FEARS have been raised that football clubs could face the final whistle unless more is done to help them during the coronavirus pandemic.

East Lothian’s senior teams have played behind closed doors since the new season kicked off last month.

Finances are being stretched, with no fans coming through the turnstiles to cheer on their local teams.

Now, letters have been sent to the Scottish Government calling for assistance to ensure teams make it through the difficult period.

Councillor Colin McGinn, previously on the committee of Tranent Juniors, was among those calling for something to be done.

He told the Courier: “My worry is, in the current climate, if the Government does not do something to take the shackles off, we could lose these clubs.

“They are integral to the community.

“They do a lot of work in the community and it is not just football any longer.

“If you lose them, you are losing an institution and they are not coming back.”

The Labour administration on East Lothian Council has also written to First Minister Nicola Sturgeon about the issue, calling for a month-long trial to be carried out under the supervision of the local authority.

Labour councillor Mr McGinn stressed it was not just about the clubs but also the benefits to the fans.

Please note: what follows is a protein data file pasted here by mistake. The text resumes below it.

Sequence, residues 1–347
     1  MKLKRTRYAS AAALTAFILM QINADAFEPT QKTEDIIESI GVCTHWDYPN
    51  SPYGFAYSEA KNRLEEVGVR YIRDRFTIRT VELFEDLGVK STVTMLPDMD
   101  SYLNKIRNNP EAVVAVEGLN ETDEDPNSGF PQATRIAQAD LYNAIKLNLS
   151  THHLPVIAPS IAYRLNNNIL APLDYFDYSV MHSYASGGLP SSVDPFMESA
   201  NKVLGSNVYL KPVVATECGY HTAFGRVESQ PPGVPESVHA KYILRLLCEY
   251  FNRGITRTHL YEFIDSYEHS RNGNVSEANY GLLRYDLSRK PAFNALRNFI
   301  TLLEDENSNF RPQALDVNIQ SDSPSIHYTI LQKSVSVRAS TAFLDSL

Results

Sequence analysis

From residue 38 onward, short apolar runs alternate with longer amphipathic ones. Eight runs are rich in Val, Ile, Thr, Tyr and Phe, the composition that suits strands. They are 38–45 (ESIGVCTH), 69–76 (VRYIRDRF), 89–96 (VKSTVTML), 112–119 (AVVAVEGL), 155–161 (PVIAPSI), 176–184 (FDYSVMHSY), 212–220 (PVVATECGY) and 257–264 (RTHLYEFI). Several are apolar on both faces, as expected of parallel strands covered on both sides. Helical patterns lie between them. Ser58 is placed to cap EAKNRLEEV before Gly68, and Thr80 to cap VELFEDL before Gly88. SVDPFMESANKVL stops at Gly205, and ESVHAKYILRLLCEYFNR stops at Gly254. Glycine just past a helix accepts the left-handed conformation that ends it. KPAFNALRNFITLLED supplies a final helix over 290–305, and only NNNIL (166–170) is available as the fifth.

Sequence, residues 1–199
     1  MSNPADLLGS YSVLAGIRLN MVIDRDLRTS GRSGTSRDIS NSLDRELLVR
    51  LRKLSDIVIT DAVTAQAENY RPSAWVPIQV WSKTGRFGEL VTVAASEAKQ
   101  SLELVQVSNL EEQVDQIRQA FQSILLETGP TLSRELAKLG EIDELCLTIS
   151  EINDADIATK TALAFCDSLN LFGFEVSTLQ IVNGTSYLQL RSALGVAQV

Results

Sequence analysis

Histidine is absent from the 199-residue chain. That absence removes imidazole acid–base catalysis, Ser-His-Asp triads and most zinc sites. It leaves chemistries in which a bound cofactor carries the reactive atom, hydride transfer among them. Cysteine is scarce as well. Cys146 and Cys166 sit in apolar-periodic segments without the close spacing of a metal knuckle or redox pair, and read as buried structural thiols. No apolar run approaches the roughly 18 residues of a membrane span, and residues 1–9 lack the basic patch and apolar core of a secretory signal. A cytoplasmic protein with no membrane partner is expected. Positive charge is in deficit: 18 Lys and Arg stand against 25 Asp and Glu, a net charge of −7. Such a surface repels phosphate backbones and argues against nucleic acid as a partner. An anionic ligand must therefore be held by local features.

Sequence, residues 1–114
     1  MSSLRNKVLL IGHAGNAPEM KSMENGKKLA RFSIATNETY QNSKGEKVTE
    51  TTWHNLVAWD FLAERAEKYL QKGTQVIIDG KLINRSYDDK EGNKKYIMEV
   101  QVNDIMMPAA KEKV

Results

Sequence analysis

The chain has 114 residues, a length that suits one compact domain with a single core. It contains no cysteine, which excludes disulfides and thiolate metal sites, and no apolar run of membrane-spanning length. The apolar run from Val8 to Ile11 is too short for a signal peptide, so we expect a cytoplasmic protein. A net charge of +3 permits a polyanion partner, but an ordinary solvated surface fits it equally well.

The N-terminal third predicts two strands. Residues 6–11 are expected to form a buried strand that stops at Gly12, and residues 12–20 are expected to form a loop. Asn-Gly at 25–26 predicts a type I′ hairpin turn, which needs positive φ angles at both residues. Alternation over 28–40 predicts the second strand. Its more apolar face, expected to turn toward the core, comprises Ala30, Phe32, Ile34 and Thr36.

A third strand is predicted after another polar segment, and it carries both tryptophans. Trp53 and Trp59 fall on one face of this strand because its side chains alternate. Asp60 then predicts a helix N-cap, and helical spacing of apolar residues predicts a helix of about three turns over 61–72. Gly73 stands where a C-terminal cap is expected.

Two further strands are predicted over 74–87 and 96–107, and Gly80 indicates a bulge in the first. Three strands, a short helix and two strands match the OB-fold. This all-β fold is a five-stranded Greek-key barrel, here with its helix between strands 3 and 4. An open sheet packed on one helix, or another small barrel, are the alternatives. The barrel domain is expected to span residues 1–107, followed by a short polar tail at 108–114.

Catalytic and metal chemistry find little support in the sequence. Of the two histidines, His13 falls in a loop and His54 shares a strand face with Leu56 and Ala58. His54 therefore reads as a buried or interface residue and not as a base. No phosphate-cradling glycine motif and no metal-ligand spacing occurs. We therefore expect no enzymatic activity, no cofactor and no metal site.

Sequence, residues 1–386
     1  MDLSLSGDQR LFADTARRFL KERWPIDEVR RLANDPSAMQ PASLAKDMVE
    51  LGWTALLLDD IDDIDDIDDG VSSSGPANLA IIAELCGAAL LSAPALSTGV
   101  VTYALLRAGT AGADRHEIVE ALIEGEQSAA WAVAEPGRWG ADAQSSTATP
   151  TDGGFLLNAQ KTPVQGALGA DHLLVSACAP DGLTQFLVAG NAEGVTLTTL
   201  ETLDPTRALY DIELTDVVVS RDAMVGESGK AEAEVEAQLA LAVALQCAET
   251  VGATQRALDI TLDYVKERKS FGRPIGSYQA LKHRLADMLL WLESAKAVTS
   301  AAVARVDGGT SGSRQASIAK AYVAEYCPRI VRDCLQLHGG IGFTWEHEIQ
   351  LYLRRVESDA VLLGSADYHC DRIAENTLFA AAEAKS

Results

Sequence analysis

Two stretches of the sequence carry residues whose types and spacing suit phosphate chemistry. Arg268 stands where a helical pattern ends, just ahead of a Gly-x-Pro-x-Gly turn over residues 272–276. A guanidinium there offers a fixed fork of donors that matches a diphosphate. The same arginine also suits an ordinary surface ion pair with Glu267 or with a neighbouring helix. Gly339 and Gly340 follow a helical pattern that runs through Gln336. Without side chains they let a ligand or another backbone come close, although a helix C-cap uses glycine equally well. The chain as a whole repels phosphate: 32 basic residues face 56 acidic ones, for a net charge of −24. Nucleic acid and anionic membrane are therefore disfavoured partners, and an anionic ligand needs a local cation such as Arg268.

He said: “What we are looking at is supporters who walk to the game. They are not using buses, trains or trams.

“I have had a number of chats, mostly with elderly blokes, about how much they are missing the football and it was their weekly outing.

“That is a big thing for somebody and their mental health.”

Tom Thornton, secretary of Haddington Athletic, who top the East of Scotland Football League First Division Conference A, backed Mr McGinn’s call, while stressing he recognised that football might not be considered crucial in the bigger picture.

He said: “I’m absolutely supportive of all efforts being made to have supporters allowed back into grounds.”

Norman Murray, vice-president of Musselburgh Athletic, has also written to Joe FitzPatrick MSP, Minister for Public Health and Wellbeing, about the issue.

He said: “Clubs that have been at the centre of communities for over 100 years in some cases – in our case 110 years – are dying, starved of resources and denied the oxygen of supporters along with the services that they can offer, particularly to young people.

“Without financial support, many good local clubs will be lost.

“These are the very clubs that do so much in their local communities and they cannot, and must not, be allowed to go to the wall.”

A spokeswoman for the Scottish Government said they were aware that football authorities, clubs and supporters were “desperate to see fans back as soon as possible”.

She added: “We realise this is frustrating and disappointing, and will have a financial impact on clubs in East Lothian, but public health will continue to be our top priority.

“The strategic framework published on October 29 indicated that supporters would be permitted in restricted numbers in Levels 0 and 1.

“We hope East Lothian and other parts of Scotland will see an improved outlook to allow it to move into a lower tier and allow appropriate activities to resume, including supporters attending football matches.”